Wine, like Seinfeld, is a show about everything and nothing. To some (on
some days, to me) wine is everything. Then again,
it's just a beverage. It's
liquid. You drink it, it becomes but a memory. And wine is a show -- the
presentation of the bottle,
cutting the foil, uncorking,
decanting, pouring a little to taste, swirling, sniffing, sipping, aerifying,
swallowing, proclaiming, pouring, pronouncing, prognosticating, pontificating,
(hopefully) ordering more.
Hailing Napa cabs
Cabernet sauvignon from Napa is America's great wine
Uncorked by David Marglin
In America, the star of the show is Napa Valley cabernet sauvignon -- Napa
cab. (Wine folk love abbreviations.) Right now, Napa Valley cabs, especially
the incredible '94s, are hot. Lots of great wines are made in Napa Valley, from
lots of different grape varieties, as the weather is almost always perfect for
many grapes. But it's cabernet that is the most celebrated.
Cabernet sauvignon (the grape)
has its origins in Bordeaux, where it's the
primary variety used in most of the great red wines of that region. But red
Bordeaux is always a
usually of the following five grapes: cabernet
sauvignon, merlot, cabernet franc, malbec, and petit verdot, usually in
respective percentages of around 80, 11, 5, 4, and 1 to 2. California's
innovation was to distinguish its wines by focusing on the grape variety: hence
the 100-percent cab. These tend to be big, even overwhelming wines, which work
best with some form of red meat or cheese. Me, I'll drink straight cabs with
pizza or fish, but the nuances and passion of these wines come through best
when they're paired with pungent flavors.
Napa cabs don't come cheap. The starting price for really good bottles is $20.
(I can recommend some decent Napa cabs under $20, which give a sense of the
grape, but right at $20 the wines start to be worth twice that.) Why all the
fuss? Napa cabs are bold, they are brash, they are peppery, but they can be
elegant and demure too, in the sense that they hide their
fruit. They exude
complexity. The fruits are lush: currants, berries, some say cherries and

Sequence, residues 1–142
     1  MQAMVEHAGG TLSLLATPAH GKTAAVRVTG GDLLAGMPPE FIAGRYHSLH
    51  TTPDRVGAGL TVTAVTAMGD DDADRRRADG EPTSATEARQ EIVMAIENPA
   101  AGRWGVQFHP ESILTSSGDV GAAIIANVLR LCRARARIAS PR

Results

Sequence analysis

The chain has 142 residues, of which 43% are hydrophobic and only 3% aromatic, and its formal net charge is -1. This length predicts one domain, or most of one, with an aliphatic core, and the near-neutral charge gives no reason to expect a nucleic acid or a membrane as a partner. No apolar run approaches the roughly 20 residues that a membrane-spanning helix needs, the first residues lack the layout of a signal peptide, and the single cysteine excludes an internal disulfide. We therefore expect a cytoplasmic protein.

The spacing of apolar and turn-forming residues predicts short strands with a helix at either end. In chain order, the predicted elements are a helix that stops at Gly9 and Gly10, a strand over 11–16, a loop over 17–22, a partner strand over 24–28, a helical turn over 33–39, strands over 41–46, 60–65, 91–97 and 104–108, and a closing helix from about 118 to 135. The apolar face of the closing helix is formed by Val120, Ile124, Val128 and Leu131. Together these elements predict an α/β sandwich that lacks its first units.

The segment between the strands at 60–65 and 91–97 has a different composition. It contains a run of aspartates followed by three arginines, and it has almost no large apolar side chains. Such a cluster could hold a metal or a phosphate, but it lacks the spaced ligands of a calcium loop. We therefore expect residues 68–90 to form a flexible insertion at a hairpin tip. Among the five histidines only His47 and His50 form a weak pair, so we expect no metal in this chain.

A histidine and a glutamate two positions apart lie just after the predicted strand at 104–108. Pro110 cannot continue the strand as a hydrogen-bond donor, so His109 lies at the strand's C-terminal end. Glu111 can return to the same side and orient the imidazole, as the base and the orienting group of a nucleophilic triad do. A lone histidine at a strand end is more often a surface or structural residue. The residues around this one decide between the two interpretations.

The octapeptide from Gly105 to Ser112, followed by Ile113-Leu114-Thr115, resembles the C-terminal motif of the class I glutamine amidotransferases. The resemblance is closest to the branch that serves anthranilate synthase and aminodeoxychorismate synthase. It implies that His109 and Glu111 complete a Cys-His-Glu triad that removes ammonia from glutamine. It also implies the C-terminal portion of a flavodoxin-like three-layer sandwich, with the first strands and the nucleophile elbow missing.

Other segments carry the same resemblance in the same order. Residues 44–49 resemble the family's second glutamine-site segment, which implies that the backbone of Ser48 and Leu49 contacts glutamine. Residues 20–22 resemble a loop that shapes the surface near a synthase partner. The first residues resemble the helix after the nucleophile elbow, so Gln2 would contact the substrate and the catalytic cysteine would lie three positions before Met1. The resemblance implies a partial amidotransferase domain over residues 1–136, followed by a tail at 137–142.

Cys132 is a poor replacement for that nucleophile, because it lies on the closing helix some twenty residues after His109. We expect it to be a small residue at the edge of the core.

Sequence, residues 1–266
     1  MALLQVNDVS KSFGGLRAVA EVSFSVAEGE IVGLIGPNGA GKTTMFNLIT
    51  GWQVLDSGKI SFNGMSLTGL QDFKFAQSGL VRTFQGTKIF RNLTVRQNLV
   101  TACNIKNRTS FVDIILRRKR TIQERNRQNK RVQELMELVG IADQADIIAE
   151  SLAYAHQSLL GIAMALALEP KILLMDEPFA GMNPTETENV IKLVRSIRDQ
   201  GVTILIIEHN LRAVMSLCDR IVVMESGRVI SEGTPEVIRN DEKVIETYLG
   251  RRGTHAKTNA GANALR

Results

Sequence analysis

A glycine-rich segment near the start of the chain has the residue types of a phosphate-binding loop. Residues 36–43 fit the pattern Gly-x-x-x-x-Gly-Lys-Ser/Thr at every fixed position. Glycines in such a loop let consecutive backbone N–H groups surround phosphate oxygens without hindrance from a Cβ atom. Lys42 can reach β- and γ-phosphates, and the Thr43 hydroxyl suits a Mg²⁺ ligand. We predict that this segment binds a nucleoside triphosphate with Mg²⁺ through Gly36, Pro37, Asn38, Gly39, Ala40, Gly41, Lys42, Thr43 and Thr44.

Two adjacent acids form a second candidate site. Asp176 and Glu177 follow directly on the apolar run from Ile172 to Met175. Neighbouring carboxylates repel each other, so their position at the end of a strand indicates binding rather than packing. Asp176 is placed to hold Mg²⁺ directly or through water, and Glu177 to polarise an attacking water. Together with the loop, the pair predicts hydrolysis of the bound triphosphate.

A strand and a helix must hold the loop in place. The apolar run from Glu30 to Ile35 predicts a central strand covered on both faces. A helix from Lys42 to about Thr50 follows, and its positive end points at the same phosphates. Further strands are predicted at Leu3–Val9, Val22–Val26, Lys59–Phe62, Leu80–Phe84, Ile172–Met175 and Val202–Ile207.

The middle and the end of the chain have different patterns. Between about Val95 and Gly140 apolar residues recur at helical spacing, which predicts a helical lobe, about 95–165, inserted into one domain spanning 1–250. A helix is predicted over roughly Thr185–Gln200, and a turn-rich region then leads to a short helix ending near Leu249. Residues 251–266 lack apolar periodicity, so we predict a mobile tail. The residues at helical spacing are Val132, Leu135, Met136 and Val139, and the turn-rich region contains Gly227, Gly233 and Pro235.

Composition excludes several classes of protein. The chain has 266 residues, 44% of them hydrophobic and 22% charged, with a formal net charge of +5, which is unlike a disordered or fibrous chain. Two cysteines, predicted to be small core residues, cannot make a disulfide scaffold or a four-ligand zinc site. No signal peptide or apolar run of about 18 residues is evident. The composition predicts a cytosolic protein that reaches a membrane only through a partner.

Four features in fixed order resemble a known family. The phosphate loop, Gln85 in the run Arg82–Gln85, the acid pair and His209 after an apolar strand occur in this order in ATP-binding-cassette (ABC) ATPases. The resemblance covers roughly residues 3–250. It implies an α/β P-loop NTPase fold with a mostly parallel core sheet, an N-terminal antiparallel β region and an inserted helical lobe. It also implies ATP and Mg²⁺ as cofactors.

plums. People talk of oak and cedar, tar and molasses, tobacco and tea. I have
heard tell of maple syrup and mint flavors, vanilla and licorice, leather,
cocoa and pecans, even cigar boxes.
Cabs bring out the most epic descriptions because they offer so many flavors
and so many enticing nuances. Cabs are also power wines, for those who can
afford it (or who are on an expense account). But caveat emptor, because a lot
of people -- indeed, a lot of enthusiastic wine people -- don't have the taste
for cab. A lot of modern winemaking technique is going into making these Napa
monsters more accessible, faster. Vintners are removing
tannins and softening
the taste, so that the wines will be more ready on release, less in need of
aging. A lot of these youngsters still need big air, though, so get them open
as early as possible before drinking.
As usual, these recommendations are subject to availability and some price
fluctuations. Check with your local retailer.
**1995 Hess Select ($12, Wine and Cheese Cask, Somerville)
When you see Hess Select cab from a decent year, you'll want to buy it,
because it's released mostly to restaurants. This is an unassuming little table
wine, with loads of fruit, especially these elusive strawberry undertones. A
**l994 St. Supery ($15, the Wine Press, Brookline; Wine and Cheese
A supple but somewhat nondescript little number, with easy floral flavors that
are broad and inviting. A good cab to begin with, and a mellow finisher.
**1995 William Hill ($15, all over)
A round, blueberry flavor that starts out robust and then sort of descends
into innocuousness. A decent cheese-and-crackers wine with a nice label.
***1993 Hess Collection ($20, Wine and Cheese Cask)
This is a wonderfully full wine, with smooth oak and vanilla, that open up new
vistas of flavor in the mouth. Always a value, Hess Collection is worth the
price. Trust me: you must find this and consume.
*** 1994 Oakville Franciscan ($21, Marty's Liquors, Allston and
A mama '94, with loads of spice and fruit (overt strawberry: yum!). This wine
has a solid structure, tons of tannin,
and character to spare. A stunner to drink or hold.
***1994 Truchard ($27, Marty's, Wine and Cheese Cask)
Gentle moss and earth give way to light tar and smoked oak. Some chocolate.
This keeper drinks well now, but it's such a huge, outdoorsy wine that I would
put a bottle or two away for a rainy day, or a blizzardy night. It's selling
David Marglin can be reached at firstname.lastname@example.org.
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